Date of the first edition: 1581.
Date of this map: 1623.

Copper engraving, printed on paper.
Size (not including margins): 345 x 460mm (13.58 x 18.11 inches).
Verso: Latin text.
Condition: Original coloured,, margins browned due to prior framing.
Condition Rating: A+.

From: Civitates Orbis Terrarum. - Urbium Praeciuarum Totius Mundi Liber Terius. Cologne, Petrus von Brachel, 1623. (Van der Krogt 4, 41:1.3)

CARTOUCHE: Edinburgh is the capital of Scotland.

COMMENTARY BY BRAUN (on verso): "To the west of the city, a mountain with a tall cliff rises, upon which stands a castle, which is extremely secure due to its natural setting. On the side of the city to the east lies a majestic monastery to the Holy Cross and a royal palace set within an exceedingly charming garden. This city has two large streets, one paved with ashlar stone, leading from the Maidens' Castle to the monastery and the royal palace, and the other is the highway. From the highway running from north to south, countless smaller roads branch off, all of which are lined with very tall buildings."

 
Edinburgh is shown in plan view from the south, in the foreground are two figures wearing the typical style of dress of the nobility during the time of Mary, Queen of Scots. Perched atop the Castle Rock is Edinburgh Castle, indicated here as Castrum puellarum, or "Maidens' Castle". The origins of this designation are not known. According to one legend it can be traced back to a tradition among the Picts of holding virgins captive in the castle. Other sources refer to a legend claiming that princesses were able to live there in safety. It is also the place where King Malcolm III's widow, later St Margaret of Scotland, allegedly resided in the 11th century. The upper, horizontal thoroughfare, the High Street (later called the Royal Mile), which leads from the Castle Rock via the Gothic church of St Giles and the town gate in the east to Holyrood abbey, can readily be identified. The guesthouse of the abbey was transformed in the 16th century into the official residence of the British Monarchy in Scotland, the Palace of Holyroodhouse, a significant architectural and historical transformation. The engraving was made after a woodcut by Raphael Holinshead, 1574. (Taschen)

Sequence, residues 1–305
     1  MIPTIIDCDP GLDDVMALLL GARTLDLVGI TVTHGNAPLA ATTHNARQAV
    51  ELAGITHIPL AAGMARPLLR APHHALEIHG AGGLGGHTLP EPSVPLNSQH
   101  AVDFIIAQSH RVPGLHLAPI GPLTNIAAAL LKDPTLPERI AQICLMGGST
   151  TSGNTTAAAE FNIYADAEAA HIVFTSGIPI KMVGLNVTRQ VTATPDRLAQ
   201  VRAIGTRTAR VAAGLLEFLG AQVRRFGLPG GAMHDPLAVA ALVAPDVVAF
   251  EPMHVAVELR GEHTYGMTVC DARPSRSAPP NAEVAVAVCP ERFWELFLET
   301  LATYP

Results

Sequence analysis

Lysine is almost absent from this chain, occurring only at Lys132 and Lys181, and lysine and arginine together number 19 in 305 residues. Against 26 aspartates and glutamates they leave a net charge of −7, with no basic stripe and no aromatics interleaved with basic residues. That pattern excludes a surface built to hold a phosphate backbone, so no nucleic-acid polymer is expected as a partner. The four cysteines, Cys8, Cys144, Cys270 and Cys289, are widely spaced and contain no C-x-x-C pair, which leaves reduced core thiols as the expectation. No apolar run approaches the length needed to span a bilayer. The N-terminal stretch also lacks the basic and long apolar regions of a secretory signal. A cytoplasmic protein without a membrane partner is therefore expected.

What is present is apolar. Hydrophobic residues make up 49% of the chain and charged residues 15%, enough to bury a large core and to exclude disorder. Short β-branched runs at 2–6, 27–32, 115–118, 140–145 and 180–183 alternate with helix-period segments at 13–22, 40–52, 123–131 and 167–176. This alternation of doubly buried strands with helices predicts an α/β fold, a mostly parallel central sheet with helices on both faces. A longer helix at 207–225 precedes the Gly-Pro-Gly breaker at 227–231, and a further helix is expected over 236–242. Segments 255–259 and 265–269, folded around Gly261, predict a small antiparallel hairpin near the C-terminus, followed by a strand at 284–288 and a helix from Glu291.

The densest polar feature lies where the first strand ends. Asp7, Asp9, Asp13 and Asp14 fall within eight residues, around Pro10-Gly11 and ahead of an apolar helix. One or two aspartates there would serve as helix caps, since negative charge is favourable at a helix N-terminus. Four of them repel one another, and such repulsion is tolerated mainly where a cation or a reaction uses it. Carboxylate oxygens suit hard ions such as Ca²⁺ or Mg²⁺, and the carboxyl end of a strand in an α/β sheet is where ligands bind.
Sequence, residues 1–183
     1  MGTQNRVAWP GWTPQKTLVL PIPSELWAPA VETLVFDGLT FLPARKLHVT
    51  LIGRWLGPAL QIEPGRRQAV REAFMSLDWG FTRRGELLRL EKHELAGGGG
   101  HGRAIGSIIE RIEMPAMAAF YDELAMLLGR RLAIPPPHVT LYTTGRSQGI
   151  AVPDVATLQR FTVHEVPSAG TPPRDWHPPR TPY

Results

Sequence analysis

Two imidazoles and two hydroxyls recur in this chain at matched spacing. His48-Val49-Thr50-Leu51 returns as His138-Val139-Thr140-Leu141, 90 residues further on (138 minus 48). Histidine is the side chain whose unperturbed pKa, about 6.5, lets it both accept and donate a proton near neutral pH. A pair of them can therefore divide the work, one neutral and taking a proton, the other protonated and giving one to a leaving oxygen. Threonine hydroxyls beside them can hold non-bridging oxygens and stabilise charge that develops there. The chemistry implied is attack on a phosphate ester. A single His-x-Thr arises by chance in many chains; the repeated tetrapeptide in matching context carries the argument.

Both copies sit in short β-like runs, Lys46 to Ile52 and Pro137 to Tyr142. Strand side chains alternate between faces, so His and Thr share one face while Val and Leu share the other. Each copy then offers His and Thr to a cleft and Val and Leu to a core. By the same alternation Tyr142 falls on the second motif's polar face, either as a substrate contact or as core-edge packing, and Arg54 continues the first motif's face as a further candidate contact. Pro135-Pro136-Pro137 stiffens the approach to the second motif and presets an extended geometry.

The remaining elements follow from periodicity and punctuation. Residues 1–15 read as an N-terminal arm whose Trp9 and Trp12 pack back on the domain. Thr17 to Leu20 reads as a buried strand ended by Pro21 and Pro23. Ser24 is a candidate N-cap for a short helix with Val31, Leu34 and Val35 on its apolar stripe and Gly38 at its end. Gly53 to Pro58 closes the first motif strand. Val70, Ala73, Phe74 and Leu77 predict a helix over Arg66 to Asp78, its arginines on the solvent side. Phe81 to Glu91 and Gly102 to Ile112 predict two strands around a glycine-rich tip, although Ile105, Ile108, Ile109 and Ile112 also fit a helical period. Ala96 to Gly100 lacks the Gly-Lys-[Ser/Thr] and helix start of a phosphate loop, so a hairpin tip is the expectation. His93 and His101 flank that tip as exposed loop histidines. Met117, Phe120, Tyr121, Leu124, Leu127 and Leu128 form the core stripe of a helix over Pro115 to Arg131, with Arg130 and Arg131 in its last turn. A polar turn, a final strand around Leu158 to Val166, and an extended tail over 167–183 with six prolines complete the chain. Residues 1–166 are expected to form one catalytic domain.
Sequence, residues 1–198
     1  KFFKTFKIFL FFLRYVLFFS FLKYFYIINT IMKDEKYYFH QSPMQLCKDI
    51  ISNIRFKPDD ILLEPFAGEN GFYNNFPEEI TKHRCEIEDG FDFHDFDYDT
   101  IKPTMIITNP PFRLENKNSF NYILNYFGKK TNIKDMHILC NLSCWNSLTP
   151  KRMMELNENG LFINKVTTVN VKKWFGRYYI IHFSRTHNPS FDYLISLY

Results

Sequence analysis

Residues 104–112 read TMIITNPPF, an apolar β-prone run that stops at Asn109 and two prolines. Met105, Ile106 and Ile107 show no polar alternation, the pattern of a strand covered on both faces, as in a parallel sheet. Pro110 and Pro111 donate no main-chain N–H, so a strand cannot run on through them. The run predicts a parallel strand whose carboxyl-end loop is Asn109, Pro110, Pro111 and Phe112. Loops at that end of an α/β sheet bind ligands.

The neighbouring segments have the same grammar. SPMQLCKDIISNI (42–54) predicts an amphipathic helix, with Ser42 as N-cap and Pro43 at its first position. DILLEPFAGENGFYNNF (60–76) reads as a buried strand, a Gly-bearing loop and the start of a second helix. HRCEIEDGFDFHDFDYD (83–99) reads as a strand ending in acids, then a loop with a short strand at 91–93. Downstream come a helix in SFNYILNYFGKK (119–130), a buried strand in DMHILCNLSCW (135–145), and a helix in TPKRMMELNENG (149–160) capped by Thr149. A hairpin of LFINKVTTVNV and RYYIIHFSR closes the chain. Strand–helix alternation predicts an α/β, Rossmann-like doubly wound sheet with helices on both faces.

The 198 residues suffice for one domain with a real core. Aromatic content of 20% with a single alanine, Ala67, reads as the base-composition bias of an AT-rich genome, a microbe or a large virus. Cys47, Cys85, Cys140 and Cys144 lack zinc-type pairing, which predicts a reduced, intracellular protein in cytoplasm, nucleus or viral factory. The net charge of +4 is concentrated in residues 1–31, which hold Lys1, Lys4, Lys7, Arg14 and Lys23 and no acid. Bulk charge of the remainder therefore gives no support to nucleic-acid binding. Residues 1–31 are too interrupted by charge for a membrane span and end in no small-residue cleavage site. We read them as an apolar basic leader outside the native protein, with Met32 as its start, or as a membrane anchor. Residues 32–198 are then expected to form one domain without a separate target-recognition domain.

Braun G. & Hogenberg F. and the Civitates Orbis Terrarum.

The Civitates Orbis Terrarum, also known as the 'Braun & Hogenberg', is a six-volume town atlas and the most excellent book of town views and plans ever published: 363 engravings, sometimes beautifully coloured. It was one of the best-selling works in the last quarter of the 16th century. Georg Braun, a skilled writer, wrote the text accompanying the plans and views on the verso. Many plates were engraved after the original drawings of a professional artist, Joris Hoefnagel (1542-1600). The first volume was published in Latin in 1572 and the sixth in 1617. Frans Hogenberg, a talented engraver, created the tables for volumes I through IV, and Simon van den Neuwel made those for volumes V and VI. Other contributors were cartographers Daniel Freese and Heinrich Rantzau, who provided valuable geographical information. Works by Jacob van Deventer, Sebastian Münster, and Johannes Stumpf were also used as references. Translations appeared in German and French, making the atlas accessible to a wider audience.

Since its original publication of volume 1 in 1572, the Civitates Orbis Terrarum has left an indelible mark on the history of cartography. The first volume was followed by seven more editions in 1575, 1577, 1582, 1588, 1593, 1599, and 1612. Vol.2, initially released in 1575, saw subsequent editions in 1597 and 1612. The subsequent volumes, each a treasure trove of historical insights, graced the world in 1581, 1588, 1593, 1599, and 1606. The German translation of the first volume, a testament to its widespread appeal, debuted in 1574, followed by the French edition in 1575.

Several printers were involved: Theodor Graminaeus, Heinrich von Aich, Gottfried von Kempen, Johannis Sinniger, Bertram Buchholtz, and Peter von Brachel, all of whom worked in Cologne.

Georg Braun (1541-1622)

Georg Braun, the author of the text accompanying the plans and views in the Civitates Orbis Terrarum, was born in Cologne in 1541. After his studies in Cologne, he entered the Jesuit Order as a novice, indicating his commitment to learning and intellectual pursuits. In 1561, he obtained his bachelor's degree; in 1562, he received his Magister Artium, further demonstrating his academic achievements. Although he left the Jesuit Order, he continued his studies in theology, gaining a licentiate in theology. His theological background likely influenced the content and tone of the text in the Civitates Orbis Terrarum, adding a unique perspective to the work.

Frans Hogenberg (1535-1590)

Frans Hogenberg was a Flemish and German painter, engraver, and mapmaker. He was born in Mechelen as the son of Nicolaas Hogenberg.

By the end of the 1560s, Frans Hogenberg was employed upon Abraham Ortelius's Theatrum Orbis Terrarum, published in 1570; he is named an engraver of numerous maps. In 1568, he was banned from Antwerp by the Duke of Alva and travelled to London, where he stayed a few years before emigrating to Cologne. He immediately embarked on his two most important works, the Civitates, published in 1572 and the Geschichtsblätter, which appeared in several series from 1569 until about 1587.

Thanks to large-scale projects like the Geschichtsblätter and the Civitates, Hogenberg's social circumstances improved with each passing year. He died as a wealthy man in Cologne in 1590.

References: Van der Krogt 4 - 1185; Fauser - 3417; Taschen (Br. Hog.) - p.205